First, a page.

Teaching “Mockingbird” is a must in today’s racial climate


Harper Lee’s novel is still a must read 60 years after the passong of the Civil Rights Ammendment.

In May 2020, a forty-six year old man named George Floyd was killed by police in Minneapolis, an incident that should have shocked and disgusted a country. Instead, it became a global debate about whether systemic racism exists in the United States or if it was Floyd’s fault. To Kill a Mockingbird tells the story of a white lawyer defending a black man during the Jim Crow era, a coming of age story demonstrating two kids dealing with the racism in their area, and their scary neighbor. All three plots weave together to create a story that denounces prejudice and teaches fundamental lessons. George Floyd’s story brought fear to the African American community that the white population had no understanding of. Mockingbird demonstrates the white perspective of systemic racism, and how to overcome it.

George Floyd’s story brought fear to the African American community that the white population had no understanding of.

— Helena Garcia


Critics argue that the repeated use of the n-word in To Kill a Mockingbird is vulgar and offensive; however, that does not mean it is not a part of history, and still used in a casual fashion today. According to a survey of seventeen students, all seventeen of the students said that they have heard the n word used on our campus. That being said, the point of education is to teach things that actually happened in the world, and sometimes that is, and should be, uncomfortable. Hearing the n-word be used to directly insult someone because of the color of their skin should make students uncomfortable and open their eyes to the idea that saying the word as if it means nothing is going backwards in history. One student who participated in the survey stated that they hear the n word being used on campus “all day, everyday.”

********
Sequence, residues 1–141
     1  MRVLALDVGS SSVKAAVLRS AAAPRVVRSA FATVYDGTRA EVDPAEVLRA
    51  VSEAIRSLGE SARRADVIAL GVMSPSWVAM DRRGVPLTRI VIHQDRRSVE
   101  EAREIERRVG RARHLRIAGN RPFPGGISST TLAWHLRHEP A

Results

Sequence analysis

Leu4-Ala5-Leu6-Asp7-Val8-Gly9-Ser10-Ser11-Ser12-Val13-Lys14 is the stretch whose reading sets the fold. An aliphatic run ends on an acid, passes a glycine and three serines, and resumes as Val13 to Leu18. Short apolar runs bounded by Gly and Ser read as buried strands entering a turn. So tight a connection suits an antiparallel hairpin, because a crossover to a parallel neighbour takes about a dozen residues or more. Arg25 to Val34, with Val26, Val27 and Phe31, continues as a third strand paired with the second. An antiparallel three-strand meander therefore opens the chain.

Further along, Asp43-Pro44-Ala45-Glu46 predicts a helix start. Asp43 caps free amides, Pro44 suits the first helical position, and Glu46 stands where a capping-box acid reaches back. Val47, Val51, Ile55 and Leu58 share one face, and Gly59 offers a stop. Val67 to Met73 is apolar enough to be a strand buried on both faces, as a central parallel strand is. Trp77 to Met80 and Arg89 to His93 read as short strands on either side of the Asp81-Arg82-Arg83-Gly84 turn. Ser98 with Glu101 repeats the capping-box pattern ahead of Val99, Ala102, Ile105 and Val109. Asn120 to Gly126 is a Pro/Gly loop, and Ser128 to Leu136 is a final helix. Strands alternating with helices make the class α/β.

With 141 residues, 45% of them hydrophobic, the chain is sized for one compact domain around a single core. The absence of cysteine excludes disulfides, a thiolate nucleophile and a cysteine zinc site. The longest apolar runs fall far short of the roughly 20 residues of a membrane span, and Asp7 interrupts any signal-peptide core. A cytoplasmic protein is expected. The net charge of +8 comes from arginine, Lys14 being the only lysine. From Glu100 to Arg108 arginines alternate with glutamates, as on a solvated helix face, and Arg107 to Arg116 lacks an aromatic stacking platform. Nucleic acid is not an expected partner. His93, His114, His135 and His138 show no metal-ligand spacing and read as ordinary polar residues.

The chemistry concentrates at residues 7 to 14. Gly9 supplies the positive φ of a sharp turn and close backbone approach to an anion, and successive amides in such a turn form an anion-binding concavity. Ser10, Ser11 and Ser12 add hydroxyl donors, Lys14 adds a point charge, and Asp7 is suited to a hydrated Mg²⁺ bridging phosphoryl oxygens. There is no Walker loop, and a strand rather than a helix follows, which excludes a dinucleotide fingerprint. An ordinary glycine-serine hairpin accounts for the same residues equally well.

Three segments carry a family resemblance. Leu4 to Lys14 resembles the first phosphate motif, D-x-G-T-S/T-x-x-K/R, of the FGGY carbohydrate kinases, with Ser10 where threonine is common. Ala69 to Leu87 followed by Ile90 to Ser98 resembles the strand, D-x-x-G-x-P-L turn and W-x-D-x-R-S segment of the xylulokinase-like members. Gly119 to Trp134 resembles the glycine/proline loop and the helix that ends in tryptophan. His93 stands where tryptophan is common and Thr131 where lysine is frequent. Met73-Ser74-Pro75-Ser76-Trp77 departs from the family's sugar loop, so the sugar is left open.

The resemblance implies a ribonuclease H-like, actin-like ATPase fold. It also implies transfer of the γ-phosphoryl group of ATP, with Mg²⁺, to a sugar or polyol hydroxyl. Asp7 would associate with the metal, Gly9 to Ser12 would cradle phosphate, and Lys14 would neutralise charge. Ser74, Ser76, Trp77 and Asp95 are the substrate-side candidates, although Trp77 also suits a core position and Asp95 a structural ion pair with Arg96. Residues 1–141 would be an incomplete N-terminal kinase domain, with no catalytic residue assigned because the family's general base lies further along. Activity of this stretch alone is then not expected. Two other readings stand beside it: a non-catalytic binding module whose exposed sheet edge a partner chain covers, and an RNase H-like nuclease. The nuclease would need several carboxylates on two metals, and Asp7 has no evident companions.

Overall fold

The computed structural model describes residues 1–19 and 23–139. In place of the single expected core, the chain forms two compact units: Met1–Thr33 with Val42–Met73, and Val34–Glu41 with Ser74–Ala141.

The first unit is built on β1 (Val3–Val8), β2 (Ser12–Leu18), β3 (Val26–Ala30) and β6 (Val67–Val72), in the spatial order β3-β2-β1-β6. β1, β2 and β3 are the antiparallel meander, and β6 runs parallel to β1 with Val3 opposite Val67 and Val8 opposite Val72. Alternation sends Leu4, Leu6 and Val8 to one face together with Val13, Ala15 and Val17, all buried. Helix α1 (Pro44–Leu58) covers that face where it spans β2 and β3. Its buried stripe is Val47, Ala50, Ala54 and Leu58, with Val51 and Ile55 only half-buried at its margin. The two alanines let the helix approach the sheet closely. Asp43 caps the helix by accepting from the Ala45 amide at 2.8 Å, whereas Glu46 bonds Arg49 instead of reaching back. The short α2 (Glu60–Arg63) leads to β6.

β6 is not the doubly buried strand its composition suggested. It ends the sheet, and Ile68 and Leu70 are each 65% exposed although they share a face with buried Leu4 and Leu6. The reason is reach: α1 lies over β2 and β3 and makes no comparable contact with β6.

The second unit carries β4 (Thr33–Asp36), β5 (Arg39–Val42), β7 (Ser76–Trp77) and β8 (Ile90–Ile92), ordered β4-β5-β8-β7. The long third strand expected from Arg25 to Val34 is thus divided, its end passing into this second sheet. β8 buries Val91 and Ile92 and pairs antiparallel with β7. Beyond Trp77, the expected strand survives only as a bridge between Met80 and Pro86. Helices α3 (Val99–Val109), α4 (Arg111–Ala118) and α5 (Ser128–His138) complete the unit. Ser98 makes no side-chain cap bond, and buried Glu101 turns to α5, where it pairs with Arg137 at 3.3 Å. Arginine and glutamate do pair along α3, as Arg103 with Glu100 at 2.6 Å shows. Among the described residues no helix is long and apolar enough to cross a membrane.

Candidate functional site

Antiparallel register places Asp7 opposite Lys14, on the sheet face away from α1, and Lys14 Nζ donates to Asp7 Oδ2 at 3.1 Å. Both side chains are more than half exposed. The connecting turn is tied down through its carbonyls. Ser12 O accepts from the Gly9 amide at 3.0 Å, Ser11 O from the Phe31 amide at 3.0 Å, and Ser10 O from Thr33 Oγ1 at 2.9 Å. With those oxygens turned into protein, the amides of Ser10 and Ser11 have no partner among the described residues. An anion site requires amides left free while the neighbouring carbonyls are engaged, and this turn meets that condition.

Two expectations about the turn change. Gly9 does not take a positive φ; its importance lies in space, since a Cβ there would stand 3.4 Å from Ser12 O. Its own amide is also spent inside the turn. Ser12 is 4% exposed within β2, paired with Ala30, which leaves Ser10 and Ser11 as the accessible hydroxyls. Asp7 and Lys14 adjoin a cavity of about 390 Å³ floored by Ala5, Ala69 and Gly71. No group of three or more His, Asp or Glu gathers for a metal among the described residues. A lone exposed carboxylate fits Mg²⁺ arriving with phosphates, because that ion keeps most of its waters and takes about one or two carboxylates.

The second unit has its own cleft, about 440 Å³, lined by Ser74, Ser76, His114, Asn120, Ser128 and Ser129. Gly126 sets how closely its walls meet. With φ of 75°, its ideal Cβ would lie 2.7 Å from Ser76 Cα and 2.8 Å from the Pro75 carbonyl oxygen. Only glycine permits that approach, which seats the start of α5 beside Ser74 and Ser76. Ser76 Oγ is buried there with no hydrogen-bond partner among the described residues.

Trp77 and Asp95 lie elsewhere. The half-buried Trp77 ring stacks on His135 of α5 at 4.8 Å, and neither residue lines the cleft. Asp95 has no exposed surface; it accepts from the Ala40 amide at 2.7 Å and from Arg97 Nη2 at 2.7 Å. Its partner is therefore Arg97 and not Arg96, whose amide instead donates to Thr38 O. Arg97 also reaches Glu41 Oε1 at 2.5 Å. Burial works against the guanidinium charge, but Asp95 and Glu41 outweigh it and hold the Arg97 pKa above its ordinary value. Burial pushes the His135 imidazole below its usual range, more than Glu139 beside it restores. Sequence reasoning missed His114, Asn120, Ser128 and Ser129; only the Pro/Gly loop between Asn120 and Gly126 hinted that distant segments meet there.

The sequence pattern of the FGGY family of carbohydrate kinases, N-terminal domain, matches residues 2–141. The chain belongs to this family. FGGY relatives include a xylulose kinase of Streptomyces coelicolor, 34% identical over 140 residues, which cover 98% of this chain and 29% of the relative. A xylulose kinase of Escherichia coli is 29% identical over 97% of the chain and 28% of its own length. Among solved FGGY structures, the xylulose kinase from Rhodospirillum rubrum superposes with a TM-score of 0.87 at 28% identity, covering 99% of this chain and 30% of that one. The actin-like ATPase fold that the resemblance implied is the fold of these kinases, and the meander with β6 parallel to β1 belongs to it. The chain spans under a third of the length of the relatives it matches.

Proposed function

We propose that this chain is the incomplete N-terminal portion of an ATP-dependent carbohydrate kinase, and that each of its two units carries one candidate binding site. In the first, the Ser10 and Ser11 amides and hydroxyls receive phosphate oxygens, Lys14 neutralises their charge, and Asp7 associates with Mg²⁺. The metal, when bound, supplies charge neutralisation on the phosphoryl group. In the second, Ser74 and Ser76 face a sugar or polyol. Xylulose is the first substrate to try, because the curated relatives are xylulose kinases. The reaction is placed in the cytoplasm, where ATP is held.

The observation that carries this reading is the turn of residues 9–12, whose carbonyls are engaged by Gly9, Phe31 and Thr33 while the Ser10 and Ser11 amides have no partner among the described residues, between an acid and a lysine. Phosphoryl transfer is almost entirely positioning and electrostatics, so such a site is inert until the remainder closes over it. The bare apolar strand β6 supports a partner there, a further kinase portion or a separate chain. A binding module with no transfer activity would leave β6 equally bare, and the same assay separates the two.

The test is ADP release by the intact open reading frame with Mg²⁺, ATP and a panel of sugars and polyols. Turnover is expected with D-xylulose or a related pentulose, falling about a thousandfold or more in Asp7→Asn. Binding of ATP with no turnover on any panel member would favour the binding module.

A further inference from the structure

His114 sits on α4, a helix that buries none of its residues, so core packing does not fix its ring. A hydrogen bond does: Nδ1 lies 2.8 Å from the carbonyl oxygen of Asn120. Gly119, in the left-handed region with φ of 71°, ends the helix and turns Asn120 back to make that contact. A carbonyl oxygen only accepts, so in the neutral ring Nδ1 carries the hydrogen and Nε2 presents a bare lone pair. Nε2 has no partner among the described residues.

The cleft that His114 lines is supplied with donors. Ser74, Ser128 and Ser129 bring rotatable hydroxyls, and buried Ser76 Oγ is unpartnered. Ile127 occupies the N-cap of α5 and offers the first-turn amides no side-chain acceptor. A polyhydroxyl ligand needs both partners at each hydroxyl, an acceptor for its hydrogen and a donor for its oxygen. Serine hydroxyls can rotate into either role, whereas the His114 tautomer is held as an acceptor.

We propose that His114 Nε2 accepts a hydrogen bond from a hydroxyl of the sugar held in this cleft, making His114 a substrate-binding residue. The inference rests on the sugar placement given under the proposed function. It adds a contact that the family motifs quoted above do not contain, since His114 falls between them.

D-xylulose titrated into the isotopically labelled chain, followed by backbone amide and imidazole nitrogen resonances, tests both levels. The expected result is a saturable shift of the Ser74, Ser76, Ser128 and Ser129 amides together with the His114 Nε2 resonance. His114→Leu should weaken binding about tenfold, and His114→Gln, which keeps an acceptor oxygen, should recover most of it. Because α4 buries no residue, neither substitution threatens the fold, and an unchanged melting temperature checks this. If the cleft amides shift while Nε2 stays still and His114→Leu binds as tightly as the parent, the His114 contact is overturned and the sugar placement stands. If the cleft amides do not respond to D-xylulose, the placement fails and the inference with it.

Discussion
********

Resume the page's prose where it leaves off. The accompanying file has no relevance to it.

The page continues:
While reading the novel, readers will start to notice that the characters using the n-word to directly insult a black person are the characters you dislike the most. The worst characters using the worst slurs should be viewed as insensitive and profane; it is how people see how harmful the word is. Therefore, critics should be arguing that the excessive use of the n-word in To Kill a Mockingbird is uncomfortable, but they should also be acknowledging that the word making students uncomfortable can be beneficial to their understanding of how harmful it is.

To Kill a Mockingbird teaches the history of America’s systemic racism issue. In America, history and facts are often forgotten or ignored to prove a political argument to be true; however, I think teaching the importance of this history can push someone’s thought process further than them wanting to be correct. Teaching the history of the Jim Crow era from a white person’s perspective allows people who refuse to acknowledge the racist issues in America that it is not just a few articles that the media convinces you to be true, but the roots of America’s prison and court systems as a whole. 

Head of the English department, Mrs. Jackson says, “The novel deals with topics like social class, the justice system, and racism in a way that is not threatening, and because that is so, people are not immediately turned off, thus they are more apt to be learning its lesson.” 

The more people read To Kill a Mockingbird, the more people realize that although some of the topics are less extreme today, they are still incredibly relevant to modern day America. Modern day America is two sides seeking two completely opposite goals for their country; this is something that is represented in Mockingbird with almost every issue addressed.

This story originally appeared in the print edition of the Orange R in December 2023.